Treatment options for patients with HER2-positive advanced gastric cancer are limited and the prognosis for these patients is poor. Initial data from the phase III Keynote-811 study now support pembrolizumab plus trastuzumab and chemotherapy as a possible new first-line treatment option for HER2-positive, metastatic gastric or gastroesophageal junction cancer.
EXPERT OPINION OF PROF. DR. HANS PRENEN, ONCOLOGIST, UNIVERSITY HOSPITAL ANTWERP
“These initial data support the use of pembrolizumab plus trastuzumab and chemotherapy as a potential new treatment option for metastatic HER2+ gastric and GEJ tumours.”
Human epidermal growth factor receptor 2 (HER2) amplification or overexpression occurs in approximately 20% of advanced gastric or gastro-oesophageal junction adenocarcinomas. More than a decade ago, combination therapy with the anti-HER2 antibody trastuzumab and chemotherapy became the standard first-line treatment for patients with these types of tumours. Although adding the anti-programmed death 1 (PD-1) antibody pembrolizumab to chemotherapy does not significantly improve efficacy in advanced HER2-negative gastric cancer, there are preclinical and clinical rationales for adding pembrolizumab in HER2-positive disease. Two previous phase II studies suggested that adding pembrolizumab to SoC could provide additional antitumour activity with manageable safety. Now, the results of the protocol-specified first interim analysis of the randomised, double-blind, placebo-controlled phase III KEYNOTE-811 study of pembrolizumab plus trastuzumab and chemotherapy for unresectable or metastatic, HER2-positive gastric or gastro-oesophageal junction adenocarcinoma are published.
Eligible patients with previously untreated, unresectable or metastatic HER2-positive gastric or GEJ adenocarcinoma and an ECOG performance status of 0 or 1 were allocated (1:1) to receive pembrolizumab 200 mg intravenous (IV) once every three weeks (Q3W) or placebo IV Q3W for up to 35 cycles or until intolerable toxicity or disease progression. Furthermore, all patients also received trastuzumab (6 mg/kg IV Q3W following an 8 mg/kg loading dose) and investigator’s choice of chemotherapy with 5-fluorouracil and cisplatin (FP) or capecitabine and oxaliplatin (CAPOX) at standard doses. Progression-free survival (PFS) and overall survival (OS) are the dual primary endpoints of this trial. At the data cut-off on June 17, 2020, 434 patients were enrolled. The efficacy population included the first 264 participants enrolled.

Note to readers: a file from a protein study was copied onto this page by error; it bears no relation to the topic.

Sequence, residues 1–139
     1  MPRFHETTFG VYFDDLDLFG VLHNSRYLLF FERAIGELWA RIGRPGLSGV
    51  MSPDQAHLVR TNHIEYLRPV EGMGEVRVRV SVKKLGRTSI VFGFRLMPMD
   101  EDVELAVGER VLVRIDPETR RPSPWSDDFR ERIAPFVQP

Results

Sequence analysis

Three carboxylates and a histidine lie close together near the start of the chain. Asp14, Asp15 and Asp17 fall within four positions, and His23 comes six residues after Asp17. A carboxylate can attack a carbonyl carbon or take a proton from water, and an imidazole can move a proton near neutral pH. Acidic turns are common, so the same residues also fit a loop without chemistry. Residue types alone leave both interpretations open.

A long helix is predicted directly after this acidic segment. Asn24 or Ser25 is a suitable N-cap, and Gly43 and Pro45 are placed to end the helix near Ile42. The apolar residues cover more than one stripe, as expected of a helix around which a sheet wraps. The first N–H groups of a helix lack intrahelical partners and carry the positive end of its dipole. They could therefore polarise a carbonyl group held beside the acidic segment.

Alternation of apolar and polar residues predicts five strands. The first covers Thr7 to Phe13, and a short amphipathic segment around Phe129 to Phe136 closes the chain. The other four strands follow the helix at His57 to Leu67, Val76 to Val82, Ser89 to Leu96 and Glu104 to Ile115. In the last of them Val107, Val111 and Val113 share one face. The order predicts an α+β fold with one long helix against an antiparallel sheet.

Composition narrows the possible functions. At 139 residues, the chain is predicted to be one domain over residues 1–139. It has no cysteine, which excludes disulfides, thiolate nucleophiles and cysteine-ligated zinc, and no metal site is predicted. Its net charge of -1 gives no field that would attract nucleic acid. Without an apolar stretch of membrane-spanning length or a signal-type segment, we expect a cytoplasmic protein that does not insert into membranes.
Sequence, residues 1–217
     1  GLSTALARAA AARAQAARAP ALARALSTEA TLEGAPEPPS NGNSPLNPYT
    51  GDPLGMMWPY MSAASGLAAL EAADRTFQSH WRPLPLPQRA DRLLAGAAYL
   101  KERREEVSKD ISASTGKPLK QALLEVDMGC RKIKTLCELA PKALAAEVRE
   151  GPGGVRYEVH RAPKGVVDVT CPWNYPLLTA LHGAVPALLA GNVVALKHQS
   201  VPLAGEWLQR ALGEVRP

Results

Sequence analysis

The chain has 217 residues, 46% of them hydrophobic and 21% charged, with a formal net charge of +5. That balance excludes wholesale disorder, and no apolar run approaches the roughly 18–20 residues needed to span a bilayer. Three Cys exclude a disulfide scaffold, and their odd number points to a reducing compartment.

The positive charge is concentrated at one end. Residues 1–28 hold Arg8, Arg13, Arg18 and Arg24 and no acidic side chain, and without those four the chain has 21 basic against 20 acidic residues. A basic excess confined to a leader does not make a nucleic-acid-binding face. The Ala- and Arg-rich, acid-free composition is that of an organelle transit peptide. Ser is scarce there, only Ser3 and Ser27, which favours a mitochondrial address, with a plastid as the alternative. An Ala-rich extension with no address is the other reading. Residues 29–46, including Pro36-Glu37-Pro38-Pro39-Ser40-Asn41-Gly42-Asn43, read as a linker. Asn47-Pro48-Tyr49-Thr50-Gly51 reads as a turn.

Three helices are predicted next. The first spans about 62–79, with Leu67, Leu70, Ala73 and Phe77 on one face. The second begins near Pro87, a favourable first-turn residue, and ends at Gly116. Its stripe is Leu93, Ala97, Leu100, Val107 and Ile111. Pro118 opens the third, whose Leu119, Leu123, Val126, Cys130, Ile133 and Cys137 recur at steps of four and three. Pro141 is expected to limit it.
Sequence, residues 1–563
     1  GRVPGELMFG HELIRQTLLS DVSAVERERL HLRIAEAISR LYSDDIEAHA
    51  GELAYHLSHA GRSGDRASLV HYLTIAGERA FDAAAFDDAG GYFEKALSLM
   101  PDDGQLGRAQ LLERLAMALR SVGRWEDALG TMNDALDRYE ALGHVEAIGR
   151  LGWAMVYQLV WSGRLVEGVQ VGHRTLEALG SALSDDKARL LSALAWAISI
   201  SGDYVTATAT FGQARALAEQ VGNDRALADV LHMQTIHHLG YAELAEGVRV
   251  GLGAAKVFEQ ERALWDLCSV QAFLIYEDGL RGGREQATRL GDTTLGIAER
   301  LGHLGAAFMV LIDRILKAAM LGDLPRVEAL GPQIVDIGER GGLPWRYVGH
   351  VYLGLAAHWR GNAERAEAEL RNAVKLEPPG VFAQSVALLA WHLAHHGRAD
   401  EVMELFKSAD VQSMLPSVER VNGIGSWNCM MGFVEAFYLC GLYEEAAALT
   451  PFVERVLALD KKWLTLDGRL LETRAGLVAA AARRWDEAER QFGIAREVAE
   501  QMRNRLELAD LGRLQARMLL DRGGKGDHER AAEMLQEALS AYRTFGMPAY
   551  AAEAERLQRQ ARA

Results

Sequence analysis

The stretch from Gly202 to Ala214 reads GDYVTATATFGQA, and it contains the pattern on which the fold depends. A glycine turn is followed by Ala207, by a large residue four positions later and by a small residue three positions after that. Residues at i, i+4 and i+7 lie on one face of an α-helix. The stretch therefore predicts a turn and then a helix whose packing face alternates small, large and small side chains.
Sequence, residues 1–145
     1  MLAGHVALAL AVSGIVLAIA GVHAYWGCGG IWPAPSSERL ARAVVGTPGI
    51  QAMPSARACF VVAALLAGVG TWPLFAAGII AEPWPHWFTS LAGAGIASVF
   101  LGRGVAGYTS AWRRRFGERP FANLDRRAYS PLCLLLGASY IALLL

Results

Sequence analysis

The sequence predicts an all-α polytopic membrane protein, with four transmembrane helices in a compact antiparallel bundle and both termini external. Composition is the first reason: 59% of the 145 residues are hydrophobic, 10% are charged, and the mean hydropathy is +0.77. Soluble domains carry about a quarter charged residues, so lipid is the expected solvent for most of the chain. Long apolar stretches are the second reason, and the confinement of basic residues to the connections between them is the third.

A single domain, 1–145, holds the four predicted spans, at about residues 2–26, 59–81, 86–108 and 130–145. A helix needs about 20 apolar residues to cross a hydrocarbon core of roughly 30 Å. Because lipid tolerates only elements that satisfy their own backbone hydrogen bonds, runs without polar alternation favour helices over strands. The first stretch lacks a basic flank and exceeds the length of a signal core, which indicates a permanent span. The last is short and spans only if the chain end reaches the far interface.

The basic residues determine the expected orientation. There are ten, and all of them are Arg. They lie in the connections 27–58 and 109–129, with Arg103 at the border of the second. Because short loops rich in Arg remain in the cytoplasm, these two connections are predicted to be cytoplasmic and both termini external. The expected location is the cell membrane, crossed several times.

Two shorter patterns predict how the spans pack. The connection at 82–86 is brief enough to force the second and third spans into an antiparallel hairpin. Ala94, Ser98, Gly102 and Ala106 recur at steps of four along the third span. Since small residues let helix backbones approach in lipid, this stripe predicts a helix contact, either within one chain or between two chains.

The efficacy population included 133 participants in the pembrolizumab group and 131 in the placebo group. Chemotherapy with CAPOX was chosen for 86.6% of patients and median study follow-up was 12.0 months (range, 8.5-19.4). Pembrolizumab plus SoC provided an objective response rate (ORR) of 74.4%, resulting in a statistically significant, clinically meaningful 22.7% improvement in ORR compared with placebo plus SoC (p= 0.00006). Responses in the pembrolizumab group were also deeper than those in the placebo group, and complete responses were more frequent (11.3% vs. 3.1%). Among responders, 50.5% in the pembrolizumab group and 44.1% in the placebo group had ongoing response at the data cut-off date. By Kaplan–Meier estimation, 70.3% of responders in the pembrolizumab group and 61.4% of responders in the placebo group had a response duration of at least 6 months and 58.4% and 51.1%, respectively, had a response duration of at least 9 months. The median response duration was 10.6 months in the pembrolizumab group and 9.5 months in the placebo group.
In the safety population, 217 participants received pembrolizumab + SoC while 216 received placebo + SoC. Median treatment duration in the safety population was 6.2 months for the pembrolizumab arm and 5.3 months for the placebo arm. Adverse events (AEs) were grade 3-5 in 57.1% of participants in the pembrolizumab arm vs. 57.4% in the placebo arm and led to discontinuation of any drug in respectively 24.4% and 25.9% of patients. The most common AEs in both groups were diarrhoea (52.5% in the pembrolizumab group vs. 44.4% in the placebo group), nausea (48.8% vs. 44.4%) and anaemia (41.0% vs. 44.0%). Adverse events with a possibly immune-mediated cause and/or infusion reactions occurred in 33.6% and 20.8% of participants, respectively. The most common of these events in the pembrolizumab group were infusion-related reactions (18.0% vs. 13.0% in the placebo group) and pneumonitis (5.1% vs. 1.4%). Seven (3.2%) participants in the pembrolizumab group and 10 (4.6%) in the placebo group died from adverse events.
Pembrolizumab plus trastuzumab and chemotherapy induced an ORR of 74.4%, representing a statistically significant and clinically meaningful 22.7% improvement in ORR to what was seen with placebo plus trastuzumab and chemotherapy. In addition, deeper and more durable responses were observed. The AE incidence was similar between arms and observed AEs were as expected, with no new safety concerns identified. KEYNOTE-811 is continuing as planned, and results for the primary endpoints of overall and progression-free survival will be assessed at a later date in accordance with the statistical analysis plan.